PHILADELPHIA — Two years after a Gettysburg University alum was finally charged with sexual assault on her campus in 2013, the man under suspicion sent her a Facebook message that read: : “So I raped you,” still hiding.
Shannon Keeler, 28, and her attorneys question how Ian T. Cleary avoids arrest in an age where people are tracked by cell phones, internet connections, security cameras and purchases by phone. credit. Investigators led by the US Marshals Service believe the 30-year-old man from Silicon Valley is likely overseas and on the move.
“How does he support me financially? How can he travel abroad without being detected? Did he fake his identity?” Andrea Levy, legal director of the Pennsylvania Coalition Against Rape, who represents Keeler, asked. “Who’s helping him?”
Keeler was sexually assaulted on a snowy December night in her dorm room. She texted friends for help even before he fled and went to the police the same day.
For years, local officials denied her request to file a complaint, even after she showed them the startling Facebook messages she discovered in 2020. reversed course a few weeks after she went public in an Associated Press story examining the reluctance of local agencies to prosecute sex on campus. assaults.
For Keeler, the years in limbo were painful, even as she moved forward with her life and career. She works for a software company and is getting married this fall. But she remains on high alert for an arrest that could come at any time, knowing that a trial could disrupt her life for months or even years.
“She had to push and push and put herself out there… and then he literally got on with his life. It’s hard to measure that impact on her as a person, (and on) her family, her partner,” Levy said. “There is a cost. There is a real human cost. It’s someone’s life.”
After leaving Gettysburg, Cleary, 30, a graduate of Santa Clara University, near family in Saratoga, California, worked for Tesla, then moved to France for a few years, according to the website that describes the medieval novel itself. his publication.
Adams District Attorney Brian Sinnett, who filed an arrest warrant on June 29, 2021, called the search time “a bit uncomfortable.”
“I just think this person is accessing the resource from somewhere,” Sinnett said.
Neither Cleary’s father in California, a marketing executive who served as a professor and trustee at Santa Clara, nor his mother in Baltimore have responded to messages this month seeking comment.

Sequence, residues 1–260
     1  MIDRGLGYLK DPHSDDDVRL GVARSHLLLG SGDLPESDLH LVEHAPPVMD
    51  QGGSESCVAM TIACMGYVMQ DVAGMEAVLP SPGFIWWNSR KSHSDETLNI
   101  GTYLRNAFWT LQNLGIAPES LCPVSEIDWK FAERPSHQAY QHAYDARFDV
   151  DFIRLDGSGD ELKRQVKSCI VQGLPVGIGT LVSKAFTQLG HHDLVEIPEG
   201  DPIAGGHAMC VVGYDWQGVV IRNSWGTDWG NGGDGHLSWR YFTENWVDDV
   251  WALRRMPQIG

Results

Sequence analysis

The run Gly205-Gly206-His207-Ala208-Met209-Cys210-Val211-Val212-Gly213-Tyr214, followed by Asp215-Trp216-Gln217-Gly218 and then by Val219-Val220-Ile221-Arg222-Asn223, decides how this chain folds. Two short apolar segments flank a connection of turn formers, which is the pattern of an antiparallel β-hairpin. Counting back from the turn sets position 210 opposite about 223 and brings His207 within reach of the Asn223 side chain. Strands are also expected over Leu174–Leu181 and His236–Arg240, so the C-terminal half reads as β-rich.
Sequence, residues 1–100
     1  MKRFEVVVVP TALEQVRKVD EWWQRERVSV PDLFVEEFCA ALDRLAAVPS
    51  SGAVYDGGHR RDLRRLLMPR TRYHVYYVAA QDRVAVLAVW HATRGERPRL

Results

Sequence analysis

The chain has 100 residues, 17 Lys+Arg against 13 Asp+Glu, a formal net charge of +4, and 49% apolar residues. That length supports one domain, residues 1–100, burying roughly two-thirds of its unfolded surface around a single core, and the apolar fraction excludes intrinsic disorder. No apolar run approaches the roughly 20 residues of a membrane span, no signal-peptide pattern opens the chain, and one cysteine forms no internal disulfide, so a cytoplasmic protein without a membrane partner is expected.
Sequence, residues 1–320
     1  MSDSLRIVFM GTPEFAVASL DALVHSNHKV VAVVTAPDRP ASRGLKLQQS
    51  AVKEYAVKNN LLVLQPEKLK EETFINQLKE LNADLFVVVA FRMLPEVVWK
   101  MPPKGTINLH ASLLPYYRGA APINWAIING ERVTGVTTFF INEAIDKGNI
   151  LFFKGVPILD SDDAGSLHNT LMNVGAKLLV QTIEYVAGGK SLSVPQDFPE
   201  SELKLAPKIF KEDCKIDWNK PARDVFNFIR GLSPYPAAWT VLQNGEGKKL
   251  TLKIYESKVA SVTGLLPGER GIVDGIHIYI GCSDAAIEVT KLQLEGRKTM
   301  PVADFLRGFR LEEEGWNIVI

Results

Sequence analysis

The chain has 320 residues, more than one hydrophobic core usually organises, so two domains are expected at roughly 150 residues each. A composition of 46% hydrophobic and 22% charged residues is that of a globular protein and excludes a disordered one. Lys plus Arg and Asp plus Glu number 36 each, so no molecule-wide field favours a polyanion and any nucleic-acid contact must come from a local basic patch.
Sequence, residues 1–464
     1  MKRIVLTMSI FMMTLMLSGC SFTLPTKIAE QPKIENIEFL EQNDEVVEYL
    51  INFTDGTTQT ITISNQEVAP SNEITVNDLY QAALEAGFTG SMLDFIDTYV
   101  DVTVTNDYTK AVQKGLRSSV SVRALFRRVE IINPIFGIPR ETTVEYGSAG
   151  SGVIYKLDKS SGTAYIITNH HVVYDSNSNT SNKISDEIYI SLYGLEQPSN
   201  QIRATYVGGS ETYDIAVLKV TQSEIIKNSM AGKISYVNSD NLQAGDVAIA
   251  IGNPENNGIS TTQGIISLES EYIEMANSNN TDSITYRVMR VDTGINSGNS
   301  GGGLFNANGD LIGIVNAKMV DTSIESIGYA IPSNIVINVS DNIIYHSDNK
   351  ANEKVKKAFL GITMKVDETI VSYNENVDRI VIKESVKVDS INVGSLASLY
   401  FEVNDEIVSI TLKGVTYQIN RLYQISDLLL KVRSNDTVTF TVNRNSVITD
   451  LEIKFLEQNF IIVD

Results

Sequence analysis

The US sheriff said the search was still active. An Interpol Red Notice has been issued, asking police agencies worldwide to arrest Cleary, even though he is not yet listed in a public database, which includes several dozen rapes and sexual assault.
“We tried and tried a lot,” said U.S. Deputy Marshal Phil Lewis, supervisor of the office in the Central District of Pennsylvania. “Any crime against women and children we take very seriously and we prioritize those types of cases.”
As the #MeToo movement continues to shape society — and some adults, including accusers Bill Cosby and Donald Trump, use the courts to claim monetary damages if it’s too late to do so. criminal charges — college students are also seeking accountability.
In California, students are lobbying for campus health centers to provide rape kits or pay for victims in pain to go to the hospital for examination. Many states are requiring universities to survey students about sexual assault surroundings, and groups like End Rape on Campus are working on tools to make school data more accessible.
And a number of law enforcement agencies have shown long-term commitment, including the police who have been at the forefront of advances in DNA science to make an arrest in 2000 in a knife-rape case. on the Penn State golf course.
In 2004, they matched DNA to an unsolved 1999 golf course rape case in Michigan. In 2011, they filed an arrest warrant for “John Doe,” identifying the subject solely by his DNA before the 12-year statute of limitations in Pennsylvania expired. Using genetic pedigrees, they identified this year’s suspect as Kurt Rillema, a Michigan business owner, and matched DNA samples with a coffee mug he had thrown away at a Lexus dealership before charging him. us in both cases.
“Police are often beaten for doing wrong things. Attorney Conor Lamb, who sued Rillema last month on behalf of Penn State’s accuser, a 42-year-old woman from suburban Philadelphia, said.
Rilemma’s attorneys plan to challenge the privacy issues raised by the genetic investigation, particularly over how to get his DNA from a coffee mug without a warrant.
“Everybody wants to solve old crimes, but the process is so invasive and when it’s done without a warrant, people should think about that. It’s creepy and scary,” said defense attorney Deanna Kelley in suburban Detroit.
Meanwhile, in Gettysburg, a small town known for its Civil War history, Sinnet said there is now more coordination between the campus and local police, in the hope that more rape victims are in town. the university can go to court.
Keeler is still waiting for that day, nearly a decade after she reported the assault and Cleary left the school, ending the university’s Title IX investigation.
“Since then, he has once again been on the run from this charge,” she said, while trying to “finally close this never-ending painful chapter of my life.” ___ Follow Legal Matters Writer Maryclaire Dale on Twitter at